I admire the people who come alone to the gym. I see them sometimes. They forge ahead, sometimes listening to music, sometimes talking on their cell phones, sometimes just walking, walking, walking, but they're there. I make a point to smile and say hi to them. Some of them respond eagerly, some friendly, some not at all, and some act startled. Strange that a simple greeting can cause such reactions. But we don't live in a friendly world, so I guess it's not that strange that someone being friendly can cause that reaction.
Occasionally I'm at the gym alone. I always make sure to bring my old iPod and crank up the music. It's a change for me and quite relaxing at times just to exercise with only my thoughts in attendance. I find that I can involve myself deep enough in a daydream to almost forget the strains of exercising. I can't completely shut the world out like I did when I was kid, but I'm been told that wasn't very healthy the way I did it. It's not good when your fantasy world becomes more "real" than the real world, if that makes sense. Although it has certainly helped me write plays and novels, that ability to live in an unreal world. So who knows?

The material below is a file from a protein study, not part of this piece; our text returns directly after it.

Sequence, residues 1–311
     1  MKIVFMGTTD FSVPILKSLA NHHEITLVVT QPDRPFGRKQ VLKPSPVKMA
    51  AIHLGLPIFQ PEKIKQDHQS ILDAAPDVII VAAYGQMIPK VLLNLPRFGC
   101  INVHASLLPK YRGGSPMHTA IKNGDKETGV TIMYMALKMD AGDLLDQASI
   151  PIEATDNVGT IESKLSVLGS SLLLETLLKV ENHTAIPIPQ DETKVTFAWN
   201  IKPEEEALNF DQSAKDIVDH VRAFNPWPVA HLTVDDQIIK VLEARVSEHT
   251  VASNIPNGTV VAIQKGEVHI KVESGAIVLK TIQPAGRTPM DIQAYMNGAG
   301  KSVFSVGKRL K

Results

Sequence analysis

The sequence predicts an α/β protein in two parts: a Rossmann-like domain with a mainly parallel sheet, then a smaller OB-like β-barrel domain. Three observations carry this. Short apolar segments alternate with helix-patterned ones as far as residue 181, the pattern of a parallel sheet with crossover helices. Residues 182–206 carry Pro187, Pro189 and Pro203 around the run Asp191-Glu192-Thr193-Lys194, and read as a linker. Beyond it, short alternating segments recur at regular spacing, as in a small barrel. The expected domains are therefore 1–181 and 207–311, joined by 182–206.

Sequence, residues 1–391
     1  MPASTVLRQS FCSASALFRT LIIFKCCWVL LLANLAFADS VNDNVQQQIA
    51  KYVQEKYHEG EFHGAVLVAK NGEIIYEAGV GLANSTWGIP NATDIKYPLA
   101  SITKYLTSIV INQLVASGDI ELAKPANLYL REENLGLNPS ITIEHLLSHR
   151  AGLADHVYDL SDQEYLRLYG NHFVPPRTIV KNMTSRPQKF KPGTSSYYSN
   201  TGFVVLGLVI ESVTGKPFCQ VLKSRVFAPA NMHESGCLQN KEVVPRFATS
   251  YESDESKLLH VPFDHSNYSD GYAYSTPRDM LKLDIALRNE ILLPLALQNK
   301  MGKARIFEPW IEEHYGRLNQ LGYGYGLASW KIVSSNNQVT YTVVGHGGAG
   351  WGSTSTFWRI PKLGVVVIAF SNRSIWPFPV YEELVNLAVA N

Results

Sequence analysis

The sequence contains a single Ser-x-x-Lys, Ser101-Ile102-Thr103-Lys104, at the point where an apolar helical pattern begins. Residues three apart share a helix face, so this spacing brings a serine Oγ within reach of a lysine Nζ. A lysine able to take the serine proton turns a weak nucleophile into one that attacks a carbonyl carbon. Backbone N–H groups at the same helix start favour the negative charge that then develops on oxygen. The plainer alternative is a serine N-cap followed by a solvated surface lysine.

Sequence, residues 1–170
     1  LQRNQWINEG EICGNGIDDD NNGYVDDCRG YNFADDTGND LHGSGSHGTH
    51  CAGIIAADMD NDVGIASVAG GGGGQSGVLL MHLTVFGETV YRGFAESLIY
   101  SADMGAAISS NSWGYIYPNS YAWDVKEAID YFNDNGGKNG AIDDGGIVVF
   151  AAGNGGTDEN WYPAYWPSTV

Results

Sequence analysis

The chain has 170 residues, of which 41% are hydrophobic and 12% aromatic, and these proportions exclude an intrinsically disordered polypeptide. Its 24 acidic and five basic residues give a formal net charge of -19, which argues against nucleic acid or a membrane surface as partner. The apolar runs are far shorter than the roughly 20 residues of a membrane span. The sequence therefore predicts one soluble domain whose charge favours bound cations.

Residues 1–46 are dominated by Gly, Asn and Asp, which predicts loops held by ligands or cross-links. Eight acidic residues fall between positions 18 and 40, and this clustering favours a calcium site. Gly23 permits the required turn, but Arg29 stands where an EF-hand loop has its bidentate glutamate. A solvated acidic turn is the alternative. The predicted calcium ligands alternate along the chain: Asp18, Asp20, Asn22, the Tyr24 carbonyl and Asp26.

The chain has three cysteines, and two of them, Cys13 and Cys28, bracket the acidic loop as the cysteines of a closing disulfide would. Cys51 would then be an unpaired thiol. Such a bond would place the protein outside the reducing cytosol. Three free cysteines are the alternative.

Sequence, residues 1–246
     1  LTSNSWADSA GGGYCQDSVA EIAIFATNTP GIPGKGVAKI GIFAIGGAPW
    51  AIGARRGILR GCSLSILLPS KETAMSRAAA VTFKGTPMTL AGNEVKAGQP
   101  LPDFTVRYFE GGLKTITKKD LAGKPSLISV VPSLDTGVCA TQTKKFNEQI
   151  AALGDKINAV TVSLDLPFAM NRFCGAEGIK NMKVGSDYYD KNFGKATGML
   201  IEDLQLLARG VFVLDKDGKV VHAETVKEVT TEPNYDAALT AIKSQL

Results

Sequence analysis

I think most authors have to have the ability to shut the world out. Fictional people have to move us. Fictional places have to reside firmly in our mind's eye. Events, good and terrible but all untrue, have to unfold for us. We live with one foot in this world and one in unworlds. There's just a thin line between writing and madness. I guess the world decides if we've crossed it.
The thing is ... sometimes ... I think my fictional worlds for all their danger and drama are much better than this world. And that's when I have to stop writing for a day or so to allow me to readjust. I know where the lines are. Really I do.
Talk to you tomorrow.